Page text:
There is considerable scientific and policy interest in reducing socioeconomic and racial/ethnic disparities in healthcare and health status. Currently, much of the policy focus around reducing health disparities has been geared towards improving access, coverage, quality and the intensity of healthcare. However, health is more a function of lifestyles linked to living and working conditions than of healthcare. Accordingly, effective efforts to improve health and reduce gaps in health need to pay greater attention to addressing the social determinants of health within and outside of the healthcare system. This paper highlights research evidence documenting that tackling the social determinants of health can lead to reductions in health disparities. It focuses both on interventions within the healthcare system that address some of the social determinants of health, as well as, interventions in upstream factors such as housing, neighborhood conditions and increased socioeconomic status that can lead to improvements in health. The studies reviewed highlight the importance of systematic evaluation of social and economic policies that might have health consequences and the need for policy makers, healthcare providers, and leaders across multiple sectors of society to apply currently available knowledge to improve the underlying conditions that impact the health of populations.
racial disparities; socioeconomic disparities; interventions; healthcare
This review investigates the health of immigrants to Canada by critically examining differences in health status between immigrants and the native-born population and by tracing how the health of immigrants changes after settling in the country. Fifty-one published empirical studies met the inclusion criteria for this review. The analysis focuses on four inter-related questions: (1) Which health conditions show transition effects and which do not? (2) Do health transitions vary by ethnicity/racialized identity? (3) How are health transitions influenced by socioeconomic status? and (4) How do compositional and contextual factors interact to affect the health of immigrants? Theoretical and methodological challenges facing this area of research are discussed and future directions are identified. This area of research has the potential to develop into a complex, nuanced, and useful account of the social determinants of health as experienced by different groups in different places.
Racial/ethnic disparities in obesity widen dramatically during young adulthood in the US. Understanding racial/ethnic differences in the association between socioeconomic status (SES) and obesity can provide insight on these disparities. However, the delay and complexity of the transition to adulthood creates challenges for defining SES using traditional, single indicators, such as income or years of education. Our objective was to define a multidimensional measure of young adult SES using exploratory factor analysis and to investigate whether distinct SES dimensions differentially predicted obesity across race/ethnicity in 11,250 young adults (mean age = 21.9 years) from the National Longitudinal Study of Adolescent Health (Wave III: 2000–2001). Four factors (social advantage; schooling; employment; and economic hardship) extracted from a principal factor analysis on 38 SES indicators comprised our multidimensional measure of young adult SES. The respondents’ scores on each factor were entered into gender-stratified Poisson regression models to estimate the relative risk of young adult obesity for a contrast of approximately one standard deviation in score. The association of the “Social advantage” and “Economic hardship” factors with obesity differed by race/ethnicity (p<0.05 for Wald test of interaction) in females; high “Social advantage” scores were inversely associated with obesity in white and Hispanic females (9–20% lower) while high scores on “Economic hardship” were positively associated with obesity (7–76% higher) in white and Asian females. In contrast, no significant racial/ethnic differences were detected in young adult males. The “Schooling” factor was significantly protective (RR=0.91; 95% CI: 0.85, 0.98) for females of all racial/ethnic groups. These results facilitate understanding of the impact of multiple, distinct SES dimensions during the complex transition to adulthood and thus provide salient information for reducing racial/ethnic disparities in obesity during this important period for obesity development.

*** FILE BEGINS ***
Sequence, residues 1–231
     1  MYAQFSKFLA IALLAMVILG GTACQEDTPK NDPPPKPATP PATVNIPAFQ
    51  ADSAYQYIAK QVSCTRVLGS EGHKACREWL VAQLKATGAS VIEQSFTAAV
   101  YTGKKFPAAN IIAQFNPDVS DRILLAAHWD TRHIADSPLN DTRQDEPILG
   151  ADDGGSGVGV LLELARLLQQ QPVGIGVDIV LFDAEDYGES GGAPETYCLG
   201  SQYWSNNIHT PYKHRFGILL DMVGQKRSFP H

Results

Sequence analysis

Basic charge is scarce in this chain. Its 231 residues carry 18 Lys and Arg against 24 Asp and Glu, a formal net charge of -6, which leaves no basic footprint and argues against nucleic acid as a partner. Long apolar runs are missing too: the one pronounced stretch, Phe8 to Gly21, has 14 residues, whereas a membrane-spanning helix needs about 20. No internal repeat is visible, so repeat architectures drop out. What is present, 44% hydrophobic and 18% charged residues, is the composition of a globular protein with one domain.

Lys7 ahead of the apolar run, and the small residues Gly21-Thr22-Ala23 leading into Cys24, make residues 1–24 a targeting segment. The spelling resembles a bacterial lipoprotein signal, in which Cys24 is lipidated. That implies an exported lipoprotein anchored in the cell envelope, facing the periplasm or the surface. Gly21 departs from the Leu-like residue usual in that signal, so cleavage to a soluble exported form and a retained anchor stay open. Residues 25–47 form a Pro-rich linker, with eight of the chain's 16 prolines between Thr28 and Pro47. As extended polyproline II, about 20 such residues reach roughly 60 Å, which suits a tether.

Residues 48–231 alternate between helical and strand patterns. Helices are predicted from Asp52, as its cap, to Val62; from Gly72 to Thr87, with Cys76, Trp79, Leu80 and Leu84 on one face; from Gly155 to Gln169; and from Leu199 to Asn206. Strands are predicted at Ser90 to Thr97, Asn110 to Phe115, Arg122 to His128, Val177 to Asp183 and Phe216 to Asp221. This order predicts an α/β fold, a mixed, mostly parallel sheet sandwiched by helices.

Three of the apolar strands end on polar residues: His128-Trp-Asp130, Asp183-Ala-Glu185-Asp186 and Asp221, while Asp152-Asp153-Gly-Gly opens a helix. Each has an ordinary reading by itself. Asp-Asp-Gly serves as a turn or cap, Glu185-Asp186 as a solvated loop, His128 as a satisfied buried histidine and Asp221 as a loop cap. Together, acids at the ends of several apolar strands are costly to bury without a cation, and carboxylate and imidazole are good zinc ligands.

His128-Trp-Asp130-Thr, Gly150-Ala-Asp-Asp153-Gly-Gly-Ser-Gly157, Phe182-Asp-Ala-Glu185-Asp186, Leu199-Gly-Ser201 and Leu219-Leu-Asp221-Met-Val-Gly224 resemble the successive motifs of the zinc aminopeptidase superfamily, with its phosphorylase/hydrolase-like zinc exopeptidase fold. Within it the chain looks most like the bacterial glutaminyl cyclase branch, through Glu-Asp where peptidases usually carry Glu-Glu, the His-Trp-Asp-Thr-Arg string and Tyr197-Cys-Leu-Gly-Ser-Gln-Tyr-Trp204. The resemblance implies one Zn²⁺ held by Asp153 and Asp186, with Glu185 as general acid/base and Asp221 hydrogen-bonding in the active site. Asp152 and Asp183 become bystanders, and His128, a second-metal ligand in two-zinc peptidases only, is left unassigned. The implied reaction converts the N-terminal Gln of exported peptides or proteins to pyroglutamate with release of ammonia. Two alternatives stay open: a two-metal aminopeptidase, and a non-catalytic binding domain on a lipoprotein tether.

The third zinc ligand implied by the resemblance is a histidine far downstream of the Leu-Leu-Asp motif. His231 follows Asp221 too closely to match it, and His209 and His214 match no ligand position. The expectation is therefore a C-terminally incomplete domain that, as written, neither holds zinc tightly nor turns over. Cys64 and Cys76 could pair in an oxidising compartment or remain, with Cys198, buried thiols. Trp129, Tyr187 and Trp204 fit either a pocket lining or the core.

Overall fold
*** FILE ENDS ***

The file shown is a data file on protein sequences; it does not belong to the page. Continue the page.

USA; Social class; Minority groups; Obesity; Young adults; US; Factor Analysis; socioeconomic status (SES)
For decades data have been collected comparing health care in racial and ethnic groups. The use of such groups in health services research assumes that standard, reliable, and valid definitions of race and ethnicity exist and that these definitions are used consistently. In fact, race is a term often used, but ill defined. It can incorporate biological, social, and cultural characteristics of patients and can refer to both genetic and behavioral traits. Various investigators have reported differences between racial and ethnic groups in health status, disease manifestation and outcome, resource utilization, and health care access, often specifying neither a definition of race nor the measurement they used to classify their study populations. The role of race as an explanatory variable in health services research requires greater scrutiny than many researchers currently provide. Many studies use race as a proxy for other socioeconomic factors not collected in the research effort. This article explores the ambiguities about race as an explanatory variable that render such research difficult to interpret. We suggest that health services researchers focus on nonracial socioeconomic characteristics that might be both more informative and more useful in guiding policy formation.